What does a community approach to COVID-19 testing look like?

As the second wave hits the province, experts are calling for a community-driven strategy that takes testing out of hospitals — and into the heart of hot-spot neighbourhoods
By Priya Iyer - Published on Oct 20, 2020
Black Creek Community Health Centre and its partners arranged a pop-up COVID-19 testing event in northwest Toronto. (Courtesy of Michelle Westin)

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Most Septembers, Kellie McIntosh and her daughter, Dana, help organize the annual back-to-school community barbecue at their social-housing complex in the Jane and Finch neighbourhood, in northwest Toronto. This year, they had a very different task: helping the Black Creek Community Health Centre and its partners arrange its first pop-up COVID-19 testing event: the nearest assessment site, run by the local hospital, has moved to an online-booking system and is two bus rides away.

Both educators — Kellie a teacher, and Dana a special-needs assistant — the McIntoshes say they’ve been advocating for residents for more than 20 years. “Many who live here are single mothers, personal support workers,” says Kellie. “This neighbourhood has one of the highest rates [of COVID-19], so it’s important to know whether or not you have it. If you’re a carrier, you should be aware.”

People like the McIntoshes are a crucial part of a community-driven strategy aimed at taking COVID-19 testing out of hospitals and into the heart of neighbourhoods whose residents are facing disproportionate impacts from the pandemic, advocates say — and, as the second wave hits the province, they’re calling for funding and more responsibility for the hot-spot communities most in need of support.

Northwest Toronto has seen the highest rates in the city. According to data from Toronto Public Health, the per cent positivity rate (the proportion of tests that are positive) may be as high as 9.6 per cent in some neighbourhoods, while the city average is 3 per cent. In McIntosh’s neighbourhood — where 70 per cent of residents are racialized, about 47 per cent of households make less than $50,000 annually, and around 40 per cent live in large apartment complexes, most built over three decades ago — the case rate is 1,891 per 100,000.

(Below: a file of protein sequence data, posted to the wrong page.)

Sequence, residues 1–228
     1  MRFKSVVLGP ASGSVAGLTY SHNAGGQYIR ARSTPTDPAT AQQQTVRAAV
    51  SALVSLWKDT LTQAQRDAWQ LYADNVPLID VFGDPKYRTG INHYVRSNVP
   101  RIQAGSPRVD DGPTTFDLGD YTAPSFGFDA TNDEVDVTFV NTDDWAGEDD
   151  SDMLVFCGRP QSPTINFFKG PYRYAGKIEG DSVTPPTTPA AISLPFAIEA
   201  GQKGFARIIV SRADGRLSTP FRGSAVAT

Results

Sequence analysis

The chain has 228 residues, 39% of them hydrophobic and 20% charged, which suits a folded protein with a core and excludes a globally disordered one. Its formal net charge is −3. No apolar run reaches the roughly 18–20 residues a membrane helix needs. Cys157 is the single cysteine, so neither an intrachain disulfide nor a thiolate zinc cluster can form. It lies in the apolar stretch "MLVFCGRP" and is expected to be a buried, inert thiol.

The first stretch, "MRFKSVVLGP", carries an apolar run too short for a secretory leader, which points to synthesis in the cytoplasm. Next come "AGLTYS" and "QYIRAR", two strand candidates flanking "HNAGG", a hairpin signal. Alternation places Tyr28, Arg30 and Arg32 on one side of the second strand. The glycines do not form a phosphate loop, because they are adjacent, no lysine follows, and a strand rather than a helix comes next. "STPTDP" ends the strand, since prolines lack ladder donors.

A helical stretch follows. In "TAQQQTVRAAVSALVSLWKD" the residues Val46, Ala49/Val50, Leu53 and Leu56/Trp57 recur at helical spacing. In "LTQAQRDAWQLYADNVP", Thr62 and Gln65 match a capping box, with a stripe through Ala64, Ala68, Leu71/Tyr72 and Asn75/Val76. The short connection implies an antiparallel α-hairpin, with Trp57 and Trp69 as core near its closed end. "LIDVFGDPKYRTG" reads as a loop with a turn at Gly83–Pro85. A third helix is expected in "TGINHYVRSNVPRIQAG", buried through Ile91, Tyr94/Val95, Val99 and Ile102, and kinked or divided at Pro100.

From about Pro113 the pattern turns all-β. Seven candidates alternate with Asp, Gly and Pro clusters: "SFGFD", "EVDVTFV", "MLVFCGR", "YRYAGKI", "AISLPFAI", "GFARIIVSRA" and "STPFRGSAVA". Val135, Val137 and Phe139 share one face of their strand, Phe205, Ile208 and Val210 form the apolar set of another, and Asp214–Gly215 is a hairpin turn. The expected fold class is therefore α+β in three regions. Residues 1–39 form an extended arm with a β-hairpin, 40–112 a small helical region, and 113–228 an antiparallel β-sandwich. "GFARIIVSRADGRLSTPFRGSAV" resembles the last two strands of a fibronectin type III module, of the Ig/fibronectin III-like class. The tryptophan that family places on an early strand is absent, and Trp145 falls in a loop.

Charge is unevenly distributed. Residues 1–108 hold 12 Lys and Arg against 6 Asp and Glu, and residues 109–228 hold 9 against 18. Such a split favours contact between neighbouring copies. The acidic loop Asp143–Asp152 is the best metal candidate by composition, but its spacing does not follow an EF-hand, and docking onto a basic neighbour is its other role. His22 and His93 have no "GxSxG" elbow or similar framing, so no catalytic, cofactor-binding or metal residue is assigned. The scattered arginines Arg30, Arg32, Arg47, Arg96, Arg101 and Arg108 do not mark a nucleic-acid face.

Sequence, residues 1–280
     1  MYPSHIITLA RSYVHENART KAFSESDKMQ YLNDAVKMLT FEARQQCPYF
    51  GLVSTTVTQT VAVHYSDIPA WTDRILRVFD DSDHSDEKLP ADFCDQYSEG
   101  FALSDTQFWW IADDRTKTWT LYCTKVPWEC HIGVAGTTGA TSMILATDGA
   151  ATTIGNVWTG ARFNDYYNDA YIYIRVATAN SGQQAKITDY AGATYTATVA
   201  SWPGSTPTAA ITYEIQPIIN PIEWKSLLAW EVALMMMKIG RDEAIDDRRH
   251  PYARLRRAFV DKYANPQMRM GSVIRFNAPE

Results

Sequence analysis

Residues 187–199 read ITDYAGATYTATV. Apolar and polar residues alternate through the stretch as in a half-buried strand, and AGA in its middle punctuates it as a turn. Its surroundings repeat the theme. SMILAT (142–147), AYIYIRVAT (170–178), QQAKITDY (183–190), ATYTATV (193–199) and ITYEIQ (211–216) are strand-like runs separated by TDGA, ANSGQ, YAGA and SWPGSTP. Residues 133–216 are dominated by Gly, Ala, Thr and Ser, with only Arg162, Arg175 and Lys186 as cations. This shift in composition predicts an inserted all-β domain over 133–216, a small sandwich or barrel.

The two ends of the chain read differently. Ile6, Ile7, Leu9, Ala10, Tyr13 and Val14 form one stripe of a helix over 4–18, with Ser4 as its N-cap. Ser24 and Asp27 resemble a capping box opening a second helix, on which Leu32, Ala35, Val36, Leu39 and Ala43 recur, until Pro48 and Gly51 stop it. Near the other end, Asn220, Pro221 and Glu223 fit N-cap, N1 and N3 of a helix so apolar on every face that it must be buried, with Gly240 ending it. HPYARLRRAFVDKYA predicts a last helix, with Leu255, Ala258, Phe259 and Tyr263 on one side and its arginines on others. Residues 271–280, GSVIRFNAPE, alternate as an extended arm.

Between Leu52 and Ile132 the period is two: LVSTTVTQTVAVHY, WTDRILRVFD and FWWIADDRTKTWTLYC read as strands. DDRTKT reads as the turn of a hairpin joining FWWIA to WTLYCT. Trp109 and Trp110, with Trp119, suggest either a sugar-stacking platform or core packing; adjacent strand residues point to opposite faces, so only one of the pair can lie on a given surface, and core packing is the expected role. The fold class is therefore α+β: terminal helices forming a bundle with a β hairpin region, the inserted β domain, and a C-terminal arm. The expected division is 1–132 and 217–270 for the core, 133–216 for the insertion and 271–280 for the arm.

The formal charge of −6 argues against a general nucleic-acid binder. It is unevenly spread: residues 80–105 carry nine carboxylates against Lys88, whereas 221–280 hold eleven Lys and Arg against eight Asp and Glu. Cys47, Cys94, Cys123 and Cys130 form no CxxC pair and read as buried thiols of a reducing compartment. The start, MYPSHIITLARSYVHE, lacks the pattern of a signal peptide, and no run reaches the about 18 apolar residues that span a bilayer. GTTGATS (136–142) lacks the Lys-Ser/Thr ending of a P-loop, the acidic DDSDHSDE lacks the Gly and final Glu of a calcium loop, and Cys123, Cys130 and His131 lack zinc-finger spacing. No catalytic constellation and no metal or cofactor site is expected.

“We were hearing of the disproportionate impact of COVID-19 on racialized and vulnerable communities,” says Safia Ahmed, executive director of the Rexdale Community Health Centre. Through conversations with community leaders, “it became evident that people were unable to access hospital testing sites,” Ahmed says, citing such barriers as long wait times and lack of access to a car. “We needed a different strategy.” Though some parts of the city had rolled out community responses earlier, it wasn’t until May that work began in earnest in the hard-hit northwest region; the first pop-up was held in July.

Advocates of the approach say it involves more than testing. “The strategy is meant to bring down the numbers — it’s not just to get as many tests as we can done,” says Sophia Ikura, executive director of the Health Commons Solutions Lab at Sinai Health. It’s been working closely with the north Toronto cluster table, a group of 33 local community organizations that includes Ontario Health Team members. What’s needed, both Ahmed and Ikura say, is a targeted approach of surveillance and mitigation in communities experiencing high transmission rates and facing disproportionate risks because of inequities — poverty, precarious work, high-density housing, and racial or language barriers. “It’s to identify when people get sick and help them isolate,” Ikura says. “All to contain the virus.”